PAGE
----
Friday Fictioneers – Making Sure



The frosty grass crunched under my bare feet, my toes numb. The muscles in my legs weak after walking so long. I could still smell smoke in the cold morning air.

I had rinsed the gasoline off my hands in a stream, the cold water had hurt so bad, deep down in the bone. But my hands went numb after that too, the pain invisible now. The only pain left was in my heart, in my soul.

But this was it, freedom, no more punching, no more words. He was gone for good, I made sure of that.

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Under 100 words this time! I’ve never managed that before. 

Friday Fictioneers: 100 word stories prompted by a picture that  Rochelle Wisoff-Fields posts  every Wednesday. Around 100 people participate, their stories and poems are brilliant; check them out here.

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Friday Fictioneers – Natural Instincts

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She was so mad at him. Now they were stuck, in the middle of nowhere, with no food and just one bottle of water. And the next rail station was forty miles ahead.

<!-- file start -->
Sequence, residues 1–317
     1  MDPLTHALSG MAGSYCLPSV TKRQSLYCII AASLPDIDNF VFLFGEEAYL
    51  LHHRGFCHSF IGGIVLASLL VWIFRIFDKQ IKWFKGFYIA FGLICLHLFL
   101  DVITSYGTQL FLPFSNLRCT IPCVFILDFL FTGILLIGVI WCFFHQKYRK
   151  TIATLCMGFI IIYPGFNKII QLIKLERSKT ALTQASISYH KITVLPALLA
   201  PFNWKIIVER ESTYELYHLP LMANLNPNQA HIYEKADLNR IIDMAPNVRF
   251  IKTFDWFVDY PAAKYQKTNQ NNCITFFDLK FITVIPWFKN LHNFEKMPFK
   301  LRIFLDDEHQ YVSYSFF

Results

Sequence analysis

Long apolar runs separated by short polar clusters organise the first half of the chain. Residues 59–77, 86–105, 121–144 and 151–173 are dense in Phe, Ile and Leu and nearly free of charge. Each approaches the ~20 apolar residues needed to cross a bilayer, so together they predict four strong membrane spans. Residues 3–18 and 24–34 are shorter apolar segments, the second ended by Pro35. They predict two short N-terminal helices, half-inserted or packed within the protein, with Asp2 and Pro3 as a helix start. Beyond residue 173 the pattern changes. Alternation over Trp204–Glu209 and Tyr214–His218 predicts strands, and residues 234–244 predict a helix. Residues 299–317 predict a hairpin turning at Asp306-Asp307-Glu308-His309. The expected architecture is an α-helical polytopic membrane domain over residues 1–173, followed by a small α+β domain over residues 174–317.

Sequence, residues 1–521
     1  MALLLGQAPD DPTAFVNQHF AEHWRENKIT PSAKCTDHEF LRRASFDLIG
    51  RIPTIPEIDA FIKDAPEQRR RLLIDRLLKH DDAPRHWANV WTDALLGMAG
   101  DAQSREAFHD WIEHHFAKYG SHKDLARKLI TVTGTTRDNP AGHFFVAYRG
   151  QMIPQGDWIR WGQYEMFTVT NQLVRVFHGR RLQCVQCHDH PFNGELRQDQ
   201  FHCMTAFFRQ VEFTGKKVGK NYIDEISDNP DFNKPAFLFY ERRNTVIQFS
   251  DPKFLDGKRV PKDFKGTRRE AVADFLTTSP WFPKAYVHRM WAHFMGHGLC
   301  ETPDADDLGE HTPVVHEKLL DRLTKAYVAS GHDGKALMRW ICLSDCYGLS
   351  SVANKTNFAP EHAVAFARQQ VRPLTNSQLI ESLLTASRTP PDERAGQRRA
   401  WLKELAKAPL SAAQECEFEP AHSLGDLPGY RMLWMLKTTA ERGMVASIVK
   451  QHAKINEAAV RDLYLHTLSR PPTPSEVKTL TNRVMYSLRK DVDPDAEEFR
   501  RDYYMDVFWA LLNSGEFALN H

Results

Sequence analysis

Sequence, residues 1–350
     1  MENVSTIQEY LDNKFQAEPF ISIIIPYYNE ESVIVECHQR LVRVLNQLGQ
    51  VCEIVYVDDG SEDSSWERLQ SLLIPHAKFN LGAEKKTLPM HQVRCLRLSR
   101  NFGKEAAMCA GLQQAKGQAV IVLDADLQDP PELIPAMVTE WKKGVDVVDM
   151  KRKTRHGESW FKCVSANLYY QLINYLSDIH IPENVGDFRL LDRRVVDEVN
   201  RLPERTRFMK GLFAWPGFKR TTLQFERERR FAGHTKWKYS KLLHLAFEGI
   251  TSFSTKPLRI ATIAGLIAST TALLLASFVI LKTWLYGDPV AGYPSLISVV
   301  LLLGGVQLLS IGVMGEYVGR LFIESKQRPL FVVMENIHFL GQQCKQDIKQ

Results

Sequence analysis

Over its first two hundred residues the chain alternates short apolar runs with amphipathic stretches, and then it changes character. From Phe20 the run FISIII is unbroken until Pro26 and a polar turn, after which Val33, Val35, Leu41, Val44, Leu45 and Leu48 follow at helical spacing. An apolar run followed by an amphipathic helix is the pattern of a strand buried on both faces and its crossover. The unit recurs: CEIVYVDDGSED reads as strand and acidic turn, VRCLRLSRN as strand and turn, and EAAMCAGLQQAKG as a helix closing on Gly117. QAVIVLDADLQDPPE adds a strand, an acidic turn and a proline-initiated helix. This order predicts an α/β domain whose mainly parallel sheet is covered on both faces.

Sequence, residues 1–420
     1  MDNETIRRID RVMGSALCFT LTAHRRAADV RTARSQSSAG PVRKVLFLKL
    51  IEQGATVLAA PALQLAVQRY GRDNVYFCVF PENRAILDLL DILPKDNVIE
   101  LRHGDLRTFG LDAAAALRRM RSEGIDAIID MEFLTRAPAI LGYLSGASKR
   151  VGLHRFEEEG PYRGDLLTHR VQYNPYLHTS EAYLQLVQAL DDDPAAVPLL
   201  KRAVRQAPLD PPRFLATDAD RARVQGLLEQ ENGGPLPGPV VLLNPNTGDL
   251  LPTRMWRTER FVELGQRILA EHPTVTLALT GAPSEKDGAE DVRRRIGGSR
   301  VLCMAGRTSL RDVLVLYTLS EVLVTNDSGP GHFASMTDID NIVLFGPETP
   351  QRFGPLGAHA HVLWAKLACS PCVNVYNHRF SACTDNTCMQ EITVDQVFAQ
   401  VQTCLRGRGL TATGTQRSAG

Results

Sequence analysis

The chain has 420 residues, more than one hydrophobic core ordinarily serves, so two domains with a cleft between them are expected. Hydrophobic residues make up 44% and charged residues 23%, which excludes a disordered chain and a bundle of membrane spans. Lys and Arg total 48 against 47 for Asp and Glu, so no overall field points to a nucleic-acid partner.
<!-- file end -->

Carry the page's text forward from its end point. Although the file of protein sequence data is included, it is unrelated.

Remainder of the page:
She walked in front of him, muttering, complaining, under her breath. He hung his head.
“I don’t care what you see out an open door,” she yelled, “even if it’s going slow, you don’t jump off a moving train!” She turned and looked down at her traveling partner, “You have plenty of birds to chase at home! Why here?” And she turned back around to keep walking.

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Yeah! 100 words exactly, why is that so satisfying!? 🙂

Friday Fictioneers: 100 word stories prompted by a picture that Rochelle Wisoff-Fields posts every Wednesday. Around 100 people participate, their stories and poems are brilliant; check them out here.

Friday Fictioneers – 46 & 2

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The crystals were supposed to usher him into the next level of human evolution. He didn’t know what that would be, since no one had done it yet; maybe he would be able to see into the future, or read other people’s minds. Something, anything other than what he was.
But the crystals broke apart during shipping, and the online seller had disappeared.